She asked, “What did you say?”
“Rose, my love, left me for a guy named Russ.”
Her eyes widened just a bit. “New York, did you say New York, like New York City, like Manhattan?”
“My Russ moved to Manhattan a year ago, with a woman named Rose.”
“What a coincidence,” he said.
I said, “That is a coincidence.”
We all looked at each other and screamed, “Oh my God!
The young man yelled, “This only happens in movies!”
“Or liquor stores,” I thought to myself.
He asked suddenly, “What did you say your name is?”
“I didn’t but it’s Olivia,” she said, catching her breath.
“I’m Larry, nice to meet you.”
“My name is Rudy,” I added and I’ll be your waiter this evening. Now which one of you will be paying for this lovely bottle of wine.”
“After she left I polished off the Chilean wine in four days,” Larry said.
She looked in his eyes and said quite sincerely, “You look fine now.”
And so he did I had to admit.
“A hangover will straighten you out like a starched shirt.” He looked into Olivia’s eyes. “You look fine yourself. What were they thinking?”
“Not about us.”
“So you stayed in the area?”
“I’m losing mine,” I said.
“I stayed because of my studies,” Larry said.
“It’s incredible that we’ve met like this. Is it fate?” she wondered.
“La Nez, actually,” I commented, feeling a little nervy.
Outside an unusually loud peal of thunder was heard, the front windows shuddered and the customer I saw earlier, the one wearing sandals and what I now saw seemed to be a Bacchus god of wine costume, suddenly appeared from the Italian wine aisle. In toga and purple cloak, with a garland of grape leaves in his hair, he carried a bunch of grapes. He flitted around happily, looks over some of the wine selections on the shelves nearest us, nodding approval at several wines and disapproval at other wines. No one but me seemed to notice. I’d either been struck by a phantom bolt of lightning and this hallucination was the result or my first guess was right, he was an actor in the summer theatre festival. I’m sure if Larry and Olivia had been looking at me they would have been able to see the fillings in my molars as my mouth dropped to what seemed my waist. Bacchus sized up the situation and smiled at me. The pear-shaped fellow just stood there, hands on hips, smiling. Without knowing why, I blurted, “You know something, you two would make a lovely couple.”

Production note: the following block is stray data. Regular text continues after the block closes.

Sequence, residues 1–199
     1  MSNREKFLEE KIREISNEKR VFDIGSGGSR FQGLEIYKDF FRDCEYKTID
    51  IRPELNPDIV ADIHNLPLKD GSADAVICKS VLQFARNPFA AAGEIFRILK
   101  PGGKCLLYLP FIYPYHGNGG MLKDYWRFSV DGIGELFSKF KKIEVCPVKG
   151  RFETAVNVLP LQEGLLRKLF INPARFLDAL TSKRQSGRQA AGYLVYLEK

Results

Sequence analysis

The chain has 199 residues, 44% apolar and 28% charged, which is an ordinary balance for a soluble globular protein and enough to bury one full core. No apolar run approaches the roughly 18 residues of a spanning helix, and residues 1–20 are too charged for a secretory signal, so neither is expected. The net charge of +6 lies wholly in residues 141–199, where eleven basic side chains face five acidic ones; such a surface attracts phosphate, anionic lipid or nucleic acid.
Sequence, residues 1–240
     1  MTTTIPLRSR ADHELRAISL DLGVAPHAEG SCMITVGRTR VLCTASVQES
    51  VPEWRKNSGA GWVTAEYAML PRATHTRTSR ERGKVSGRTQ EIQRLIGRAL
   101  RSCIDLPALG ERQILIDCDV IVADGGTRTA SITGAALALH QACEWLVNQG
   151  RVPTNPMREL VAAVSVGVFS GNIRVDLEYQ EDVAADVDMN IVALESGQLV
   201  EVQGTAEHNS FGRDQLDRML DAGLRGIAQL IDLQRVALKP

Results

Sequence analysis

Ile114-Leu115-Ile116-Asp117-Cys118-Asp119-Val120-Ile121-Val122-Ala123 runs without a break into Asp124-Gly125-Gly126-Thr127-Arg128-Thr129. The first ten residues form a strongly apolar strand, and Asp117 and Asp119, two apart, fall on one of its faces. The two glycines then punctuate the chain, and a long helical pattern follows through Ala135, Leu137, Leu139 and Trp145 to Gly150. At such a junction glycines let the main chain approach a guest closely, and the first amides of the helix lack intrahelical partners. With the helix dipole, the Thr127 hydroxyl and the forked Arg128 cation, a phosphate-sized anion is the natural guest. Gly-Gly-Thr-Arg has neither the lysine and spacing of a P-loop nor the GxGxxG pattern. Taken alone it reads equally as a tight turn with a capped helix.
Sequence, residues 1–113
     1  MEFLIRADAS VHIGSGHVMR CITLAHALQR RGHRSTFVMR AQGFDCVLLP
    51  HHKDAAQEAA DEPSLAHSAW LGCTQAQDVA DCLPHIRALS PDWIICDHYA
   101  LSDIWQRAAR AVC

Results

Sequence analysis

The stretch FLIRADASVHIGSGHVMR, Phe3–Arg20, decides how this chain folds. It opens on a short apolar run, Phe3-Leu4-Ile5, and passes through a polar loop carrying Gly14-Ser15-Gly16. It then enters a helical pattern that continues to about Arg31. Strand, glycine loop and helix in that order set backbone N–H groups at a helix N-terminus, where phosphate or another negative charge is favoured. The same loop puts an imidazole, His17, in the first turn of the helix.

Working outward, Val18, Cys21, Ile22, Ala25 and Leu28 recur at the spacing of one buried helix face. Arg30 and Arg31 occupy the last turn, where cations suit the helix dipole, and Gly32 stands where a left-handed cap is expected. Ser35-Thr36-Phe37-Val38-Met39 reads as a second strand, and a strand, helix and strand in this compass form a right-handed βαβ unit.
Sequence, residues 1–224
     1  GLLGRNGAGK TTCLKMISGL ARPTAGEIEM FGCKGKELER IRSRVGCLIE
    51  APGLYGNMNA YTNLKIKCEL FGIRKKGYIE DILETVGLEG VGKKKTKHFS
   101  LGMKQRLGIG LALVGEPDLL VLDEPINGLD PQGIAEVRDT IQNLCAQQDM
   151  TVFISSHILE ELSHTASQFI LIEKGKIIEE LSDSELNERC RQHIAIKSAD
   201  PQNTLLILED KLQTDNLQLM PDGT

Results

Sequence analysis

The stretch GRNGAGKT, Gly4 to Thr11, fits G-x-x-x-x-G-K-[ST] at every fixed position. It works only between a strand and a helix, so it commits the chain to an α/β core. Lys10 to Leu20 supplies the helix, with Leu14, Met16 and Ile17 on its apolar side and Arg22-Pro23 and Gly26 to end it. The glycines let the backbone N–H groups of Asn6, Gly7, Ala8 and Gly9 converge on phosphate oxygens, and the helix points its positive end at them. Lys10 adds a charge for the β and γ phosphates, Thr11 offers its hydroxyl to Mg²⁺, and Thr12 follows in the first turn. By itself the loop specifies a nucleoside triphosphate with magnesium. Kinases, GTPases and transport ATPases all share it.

“I don’t think so,” Olivia said.
Bacchus stared at her and at that moment a strange look came over her as she said,“Oh, I just realized I don’t really need this particular wine. Go ahead Larry, you take it.”
I said to Larry, “I’ll ring you up.”
Bacchus glared at Larry and Larry scratching his head insisted, “No, no, I’m being selfish and maybe a little snobby. After all, I did say there are plenty of other wines out there. You take it, Olivia.”
I looked at her and said, “I’ll ring YOU up, Olivia.”
Olivia looked at Larry in what I would call extreme puppy-dog eyes and said, “Larry?”
Larry, equally puppy-dog, said, “Yes, Olivia.”
“If you buy this bottle, do you think you would drink it alone?” she asked.
“Are you kidding, I’d fix filet mignon, mashed potatoes with garlic butter, fresh asparagus, marinated mushrooms and goat cheese.”
Olivia asked, “I mean would you drink the wine by yourself?”
Larry said sheepishly, “I suppose the answer would be yes, right now.”
“Right now. Oh, my gosh, right now I’ve got to be going!” Olivia shouted, “The dinner!”
I must say Larry distinguished himself magnificently by calmly taking her hand and saying, “The dinner party, yes, well. Look, Olivia, please take the wine and my phone number, call me and tell me in excruciating detail how it tasted.”
Olivia was equal to the gracious task saying, “No, Larry, you take the wine and my number and when you finish your dissertation, you call me and tell me how it went with that fabulous sounding meal.”
“That’s two years.”
“I’ll be here,” she said.
“So will I,” I said. “And I’ll probably still be waiting to get paid.”
Larry thought a moment and said, “I’ve got an idea. Let’s split the wine.”
Olivia came back with, “That doesn’t solve a thing.”
My inner diplomat took over: “I’ll get two straws.”
Larry said, “Well, it does if you blow off the dinner party.”
Olivia smiled, “I’m listening.”
“I know a great little French restaurant not far from here that lets you bring your own wine,” Larry said.
“Are you asking me out, Larry?”
“It’s the right wine and the right company. Yes, I am.”
Olivia smiled again, “But you said it’s too soon, the wine isn’t ready.”
Larry smiled, “But I’m ready.”
Olivia revved up her voice and said, “I’m so, so ready.”
As we marched to the cash register I noticed the rain had stopped. I rang up what had to be the longest, most eventful sale in liquor store history. As Olivia and Larry walked out hand in hand with a great bottle of French joy juice, I glanced to the back of the store to see Bacchus grinning. The idea of selling wine suddenly took on new meaning for me, that it had its place in making the world better, and I knew this was going to be a good night.
Victor Alfaro is the author of two children’s stories titled “The Little Green Astronaut” and “The Ollie Dog Quartet,” both available in the Kindle Store on Amazon.
Link To Amazon Author Page